Christine and the Queens Breaks Down Her Performance Process

Christine and the Queens Breaks Down Her Performance Process

Christine and the Queens Breaks Down Her Performance Process

2016's ultimate performer, Christine and the Queens, lets us in on her show secrets as she announces new tour dates

2016's ultimate performer, Christine and the Queens, lets us in on her show secrets as she announces new tour dates

Text: Ian David Monroe

Héloïse Letissier, better known as Christine and the Queens, is little by little building a massive fan following in the United States. The French singer blends Michael Jackson-style stage performances (plenty of smooth choreography) with her free-spirited tracks. While she’s still building a name for herself in America, she already has an A-List group of admirers: chief among them Carly Rae Jepsen.

After a string of shows this summer, Letissier has announced a new set of stops, including the U.S., Canada, the U.K., Belgium, and Norway. Here, she sits down with V to break down her show inspirations, professional growth, and fully becoming Christine.


Last year, you were performing at The Box with 80 people and then this year you hit the main stage of Governors Ball. How does that feel?

HL: You’re a bit dizzy, you know? By just measuring how far along it came since last year…but at the same time it’s like an adrenaline shot. I’m excited by the stage growing bigger and bigger, and the crowd getting bigger, but at the same time I’m obsessed with keeping it really raw and simple like it was at The Box. For me, it’s about keeping the same ideas, the same muscles, and the same songs.

I noticed that all five of your dancers are men. Is that intentional?

HL: It is.


HL: Interesting one because, I was just having a discussion with someone that said like, Oh it’s weird because you’re such a feminist, but are always surrounded by boys. Why not, for example, do what Beyoncé does and have an all female band? I was like, yes you’re right. I think I’m obsessed with being one of the boys, because I think my character [Christine] is a bit about that, like having this teenage boy energy. I think it was interesting to be surrounded by boys to see if I could become one of them. Or if they could become the Queens, you know?

Right, and in that spirit of becoming one, you all wear the same outfit on stage.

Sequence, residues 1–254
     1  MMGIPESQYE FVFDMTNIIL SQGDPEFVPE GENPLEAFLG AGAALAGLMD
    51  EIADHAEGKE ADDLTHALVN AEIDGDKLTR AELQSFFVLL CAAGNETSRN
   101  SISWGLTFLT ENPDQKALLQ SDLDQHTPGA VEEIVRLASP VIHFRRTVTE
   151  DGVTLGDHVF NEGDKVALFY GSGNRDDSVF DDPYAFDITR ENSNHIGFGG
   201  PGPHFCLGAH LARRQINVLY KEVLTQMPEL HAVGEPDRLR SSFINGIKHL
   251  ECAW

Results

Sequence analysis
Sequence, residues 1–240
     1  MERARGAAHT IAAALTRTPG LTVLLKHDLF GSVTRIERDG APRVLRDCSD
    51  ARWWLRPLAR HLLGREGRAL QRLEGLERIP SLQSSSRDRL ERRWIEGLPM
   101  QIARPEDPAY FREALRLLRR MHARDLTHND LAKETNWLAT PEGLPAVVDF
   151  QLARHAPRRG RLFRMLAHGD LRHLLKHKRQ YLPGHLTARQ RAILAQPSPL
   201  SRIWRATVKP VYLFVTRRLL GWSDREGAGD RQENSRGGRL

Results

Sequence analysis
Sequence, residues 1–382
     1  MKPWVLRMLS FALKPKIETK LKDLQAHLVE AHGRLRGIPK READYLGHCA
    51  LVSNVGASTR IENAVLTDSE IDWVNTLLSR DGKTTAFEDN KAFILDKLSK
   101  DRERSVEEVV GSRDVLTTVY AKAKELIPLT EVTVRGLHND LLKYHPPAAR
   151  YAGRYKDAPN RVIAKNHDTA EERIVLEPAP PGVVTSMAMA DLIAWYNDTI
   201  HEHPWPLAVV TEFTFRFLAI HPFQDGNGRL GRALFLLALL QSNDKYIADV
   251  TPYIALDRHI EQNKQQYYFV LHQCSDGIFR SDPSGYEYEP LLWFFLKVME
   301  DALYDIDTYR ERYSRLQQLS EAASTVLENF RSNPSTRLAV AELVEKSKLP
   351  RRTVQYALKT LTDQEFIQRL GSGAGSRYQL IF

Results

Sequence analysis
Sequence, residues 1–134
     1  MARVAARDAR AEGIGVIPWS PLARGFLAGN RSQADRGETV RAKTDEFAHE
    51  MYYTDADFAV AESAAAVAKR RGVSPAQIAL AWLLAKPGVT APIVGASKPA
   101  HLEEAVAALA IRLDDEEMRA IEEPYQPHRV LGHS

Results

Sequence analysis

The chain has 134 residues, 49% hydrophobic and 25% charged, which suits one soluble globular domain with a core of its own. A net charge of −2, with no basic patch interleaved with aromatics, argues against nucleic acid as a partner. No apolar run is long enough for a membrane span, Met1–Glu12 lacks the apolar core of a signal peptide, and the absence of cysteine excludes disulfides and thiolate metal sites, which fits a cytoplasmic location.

HL: Yeah, I just want everyone to shine in their own way on stage. And with backup—I don’t like the term backup dancers for example because I didn’t want to have a routine with guys doing the same thing—I just chose really strong personalities and they all have a different vibe.

Is it hard bringing all those genres together into one cohesive performance though?

HL: It’s definitely a lot of practice, but it’s interesting because we’ve been touring a lot with that choreography, and by touring it changes—you’re muscling up and you grow old with the routine.

So how much of what you do on stage is improvisation?

HL: Every time we’re alone it’s improvisation and every time we’re together it’s not.

[At Governors Ball] you brought out a bouquet of flowers and starting name each flower with a different pop singer. What flower would you be?

HL: I’m not even a flower, man. I think I’m just like grass.

No, grass doesn't make it into the bouquet.

HL: No, but it kind of enhances the flowers. I’m a branch. I’ll end up being a weird peony or something.

What’s been the biggest change in your professional life from a year ago at The Box to today?

HL: I became a bit famous. In France it got even more intense, and here it’s starting. It doesn’t change the way I work. It changed the way everyone else perceived [me]. I definitely became “Christine” all the time, for everyone, and for me it’s weird because “Christine” is a process I have for me when I’m on stage. But I feel like now everyone sees me only as her.

Sometimes you can’t separate the person from the professional.

HL: Yeah, I’m kind of like always obsessed with being on stage and performing and writing, so that’s the best thing that can actually happen to me, to actually dissolve into Christine.

See all of Christine and the Queens' tour dates and purchase tickets here

Credits: Hero Image Photography Ian David Monroe


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